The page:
Resolving some 20th Century Problems
Somewhere over the Atlantic. As we approach the end of the millennium, this observer feels compelled to solve as many of the world’s great problems as possible. It simply won’t do to enter the new century with a bunch of unresolved issues hanging about.
Of course, I’m not talking about any thing as trivial as nuclear disarmament or if Hillary will actually run for the U.S. Senate or not. I’m talking here about the great unresolved issues such as: was Christopher Columbus really Italian or was he Spanish? And, my favorite: who invented mayonnaise, when, where, why and how?
In an unselfish spirit of public service I volunteered to embark on an over-Christmas cruise of the western Mediterranean to the place where Christopher Columbus returned after discovering Sandals, Caneel Bay and other resorts in the Caribbean. In fact, gentle reader, as you read these words, Wonder Wife and I will be about to land at Barcelona, Spain, and then sail on to the Port of Mahon on the island of Minorca. Look, someone has to undertake these important missions.
If it is true that Christopher Columbus (his Italian name) was actually Christobal Colon (his Spanish name), a lot of Americans – especially Italians – are going to be upset. So, I have to be very careful here. For another thing, such a discovery will completely mess up our menu planning for Columbus Day.
Ever since it became politically incorrect to celebrate Columbus Day, this observer has made a point of preparing an Italian feast of: meatballs, pasta, garlic bread, a fresh salad with olive oil and balsamic vinegar dressing all accompanied by a suitable adult beverage of Italian origin. If Columbus turns out to be Spanish, it looks like I’ll have to learn to cook paella and serve it on Colon Day.
Because, at this point, I don’t know whether to call him Christopher Columbus or Christobal Colon, I’ll just call him Chris until we get to the bottom this matter.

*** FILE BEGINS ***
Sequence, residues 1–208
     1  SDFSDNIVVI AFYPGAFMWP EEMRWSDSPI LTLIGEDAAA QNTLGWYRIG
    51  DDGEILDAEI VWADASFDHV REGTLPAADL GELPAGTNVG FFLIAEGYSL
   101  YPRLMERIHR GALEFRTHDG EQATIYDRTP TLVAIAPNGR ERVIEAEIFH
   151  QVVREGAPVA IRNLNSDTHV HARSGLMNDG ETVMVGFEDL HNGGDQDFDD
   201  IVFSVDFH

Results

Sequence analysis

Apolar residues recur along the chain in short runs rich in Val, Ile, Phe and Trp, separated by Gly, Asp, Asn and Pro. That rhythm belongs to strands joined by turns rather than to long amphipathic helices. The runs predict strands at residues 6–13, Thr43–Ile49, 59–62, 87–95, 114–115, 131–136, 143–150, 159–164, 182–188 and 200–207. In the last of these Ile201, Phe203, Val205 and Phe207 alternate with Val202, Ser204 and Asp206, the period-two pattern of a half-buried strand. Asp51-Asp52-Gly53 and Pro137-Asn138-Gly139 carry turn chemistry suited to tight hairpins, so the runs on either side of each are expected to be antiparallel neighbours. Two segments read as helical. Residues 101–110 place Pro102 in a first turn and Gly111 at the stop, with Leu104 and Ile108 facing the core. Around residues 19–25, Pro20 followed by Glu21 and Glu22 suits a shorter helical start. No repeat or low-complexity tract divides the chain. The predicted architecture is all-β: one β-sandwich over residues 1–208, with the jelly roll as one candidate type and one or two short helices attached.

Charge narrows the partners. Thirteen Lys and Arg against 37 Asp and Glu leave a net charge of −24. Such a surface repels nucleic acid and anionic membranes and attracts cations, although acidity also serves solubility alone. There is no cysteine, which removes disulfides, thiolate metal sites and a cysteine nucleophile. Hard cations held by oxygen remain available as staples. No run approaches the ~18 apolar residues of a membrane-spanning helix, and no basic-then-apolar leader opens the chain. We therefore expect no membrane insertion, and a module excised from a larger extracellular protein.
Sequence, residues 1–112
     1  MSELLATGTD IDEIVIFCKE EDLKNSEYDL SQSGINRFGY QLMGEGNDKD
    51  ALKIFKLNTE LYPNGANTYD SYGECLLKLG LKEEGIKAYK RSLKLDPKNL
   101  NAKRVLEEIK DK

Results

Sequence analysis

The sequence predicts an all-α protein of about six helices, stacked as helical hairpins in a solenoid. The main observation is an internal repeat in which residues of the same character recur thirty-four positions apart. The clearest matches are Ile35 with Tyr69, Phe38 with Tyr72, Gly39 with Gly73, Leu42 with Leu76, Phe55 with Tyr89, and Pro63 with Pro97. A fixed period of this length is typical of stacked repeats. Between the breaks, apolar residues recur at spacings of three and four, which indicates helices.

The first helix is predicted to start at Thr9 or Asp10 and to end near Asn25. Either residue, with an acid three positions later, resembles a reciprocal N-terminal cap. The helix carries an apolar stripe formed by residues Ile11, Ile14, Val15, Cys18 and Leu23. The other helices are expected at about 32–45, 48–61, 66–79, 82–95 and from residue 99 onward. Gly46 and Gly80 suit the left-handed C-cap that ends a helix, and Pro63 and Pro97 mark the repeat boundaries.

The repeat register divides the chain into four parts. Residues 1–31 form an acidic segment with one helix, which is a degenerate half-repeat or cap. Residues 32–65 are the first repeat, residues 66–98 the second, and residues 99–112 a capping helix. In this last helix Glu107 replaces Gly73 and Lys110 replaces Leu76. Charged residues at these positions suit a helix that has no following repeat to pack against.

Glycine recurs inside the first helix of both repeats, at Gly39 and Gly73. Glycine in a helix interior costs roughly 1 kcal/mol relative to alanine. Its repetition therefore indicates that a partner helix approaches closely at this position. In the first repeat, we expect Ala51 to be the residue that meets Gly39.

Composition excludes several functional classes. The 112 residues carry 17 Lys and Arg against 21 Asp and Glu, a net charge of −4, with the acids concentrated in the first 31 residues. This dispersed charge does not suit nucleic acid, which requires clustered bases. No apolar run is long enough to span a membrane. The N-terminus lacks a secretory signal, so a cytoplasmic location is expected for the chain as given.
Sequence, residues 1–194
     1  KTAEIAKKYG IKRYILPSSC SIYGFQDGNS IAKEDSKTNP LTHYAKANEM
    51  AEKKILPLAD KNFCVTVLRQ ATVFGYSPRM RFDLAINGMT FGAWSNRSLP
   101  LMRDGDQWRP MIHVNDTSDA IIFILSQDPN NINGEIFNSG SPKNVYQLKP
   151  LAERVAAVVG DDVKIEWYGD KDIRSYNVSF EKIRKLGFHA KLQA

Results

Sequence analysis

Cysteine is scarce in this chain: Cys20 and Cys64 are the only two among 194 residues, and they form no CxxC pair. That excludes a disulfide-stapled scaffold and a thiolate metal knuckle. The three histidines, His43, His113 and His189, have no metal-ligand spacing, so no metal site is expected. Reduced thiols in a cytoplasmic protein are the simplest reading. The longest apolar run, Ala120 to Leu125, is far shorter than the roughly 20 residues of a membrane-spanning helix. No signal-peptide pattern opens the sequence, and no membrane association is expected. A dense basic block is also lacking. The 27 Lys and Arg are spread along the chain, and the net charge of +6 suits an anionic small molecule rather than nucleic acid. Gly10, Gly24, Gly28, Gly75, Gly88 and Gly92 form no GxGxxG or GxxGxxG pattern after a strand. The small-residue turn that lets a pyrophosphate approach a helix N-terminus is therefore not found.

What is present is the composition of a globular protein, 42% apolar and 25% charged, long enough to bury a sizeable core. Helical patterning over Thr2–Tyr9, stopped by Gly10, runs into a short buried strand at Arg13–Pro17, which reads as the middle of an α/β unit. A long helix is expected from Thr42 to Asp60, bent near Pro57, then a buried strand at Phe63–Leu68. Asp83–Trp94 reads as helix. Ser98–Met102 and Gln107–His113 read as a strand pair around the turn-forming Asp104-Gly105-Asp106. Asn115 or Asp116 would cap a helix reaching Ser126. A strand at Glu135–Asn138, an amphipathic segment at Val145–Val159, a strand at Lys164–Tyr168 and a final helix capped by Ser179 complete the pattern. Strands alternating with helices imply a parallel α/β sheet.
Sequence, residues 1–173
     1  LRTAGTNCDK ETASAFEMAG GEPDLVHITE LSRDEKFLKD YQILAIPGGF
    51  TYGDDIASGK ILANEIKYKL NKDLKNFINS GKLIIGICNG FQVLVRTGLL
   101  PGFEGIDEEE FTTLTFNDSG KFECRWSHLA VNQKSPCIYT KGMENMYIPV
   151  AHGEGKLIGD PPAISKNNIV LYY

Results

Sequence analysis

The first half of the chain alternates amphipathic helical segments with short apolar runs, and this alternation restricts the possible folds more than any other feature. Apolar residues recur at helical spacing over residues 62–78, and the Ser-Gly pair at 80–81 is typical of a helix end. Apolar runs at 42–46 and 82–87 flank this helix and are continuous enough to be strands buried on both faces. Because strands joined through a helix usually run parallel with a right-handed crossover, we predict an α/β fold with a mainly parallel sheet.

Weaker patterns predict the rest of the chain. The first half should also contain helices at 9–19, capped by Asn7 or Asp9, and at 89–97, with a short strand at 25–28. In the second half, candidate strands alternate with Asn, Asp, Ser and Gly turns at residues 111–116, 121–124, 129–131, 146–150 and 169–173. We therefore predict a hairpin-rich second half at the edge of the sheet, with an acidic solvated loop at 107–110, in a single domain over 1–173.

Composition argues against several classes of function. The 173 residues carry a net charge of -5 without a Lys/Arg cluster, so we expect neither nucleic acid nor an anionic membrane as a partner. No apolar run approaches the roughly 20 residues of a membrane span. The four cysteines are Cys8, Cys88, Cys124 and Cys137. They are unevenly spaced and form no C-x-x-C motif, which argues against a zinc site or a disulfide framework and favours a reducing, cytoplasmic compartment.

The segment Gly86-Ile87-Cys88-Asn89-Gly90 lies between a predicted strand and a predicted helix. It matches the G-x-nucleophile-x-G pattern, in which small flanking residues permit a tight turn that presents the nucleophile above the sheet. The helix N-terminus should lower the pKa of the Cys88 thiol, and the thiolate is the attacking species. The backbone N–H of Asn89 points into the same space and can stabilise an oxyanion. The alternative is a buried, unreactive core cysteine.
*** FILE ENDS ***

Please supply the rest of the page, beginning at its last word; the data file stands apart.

You see, the Spanish may have a good case that Chris was more Spanish than Italian. For example, no one knows where Chris was born. All of his writings and accounts of his voyages were in Spanish, actually Catalan, and not in Italian. Contrary to popular opinion, his first voyage was funded by a wealthy man from Barcelona and it was Barcelona where King Fernando the 5th and Queen Isabel the 1st went to greet Chris on his return from his discovery of America. Moreover, all of his top officers were from the Barcelona area and not Italy.
The Spanish, especially those who live in Catalan, of which Barcelona is the principal city, feel very strongly about this issue. So, I must sample public opinion on this matter by visiting every tapas bar along Barcelona’s Las Ramblas and sampling everything I can.
Even more important is what I hope to learn at the Port of Mahon on Minorca. You see, I have always thought that mayonnaise was invented in France itself and not out on some topless-beach island in the western Mediterranean.
But here is what I know so far: in 1756, a French Admiral, the Duc de Richelieu, defeated the British Navy at Mahon. To celebrate, he ordered his chef to create a great feast. The chef wanted to make a traditional sauce of crème and eggs; however, he discovered he had no crème. So, he substituted olive oil and created Mahonnaise which we spell as mayonnaise today.
Obviously, this story must be checked out in detail and, while in Mahon, I plan to visit as many cafes, tapas bars and restaurants as humanly possible and order only dishes that rely heavily on mayonnaise. All my life I’ve been a connoisseur (Wonder Wife says common sewer) of mayonnaise. In fact, I’ve been known to load up a peanut butter sandwich with mayonnaise.
Of course, after having done my duty, I’ll have to check into the Mayo Clinic. Such courage.
William Hamilton is a nationally syndicated columnist and featured commentator for USA Today.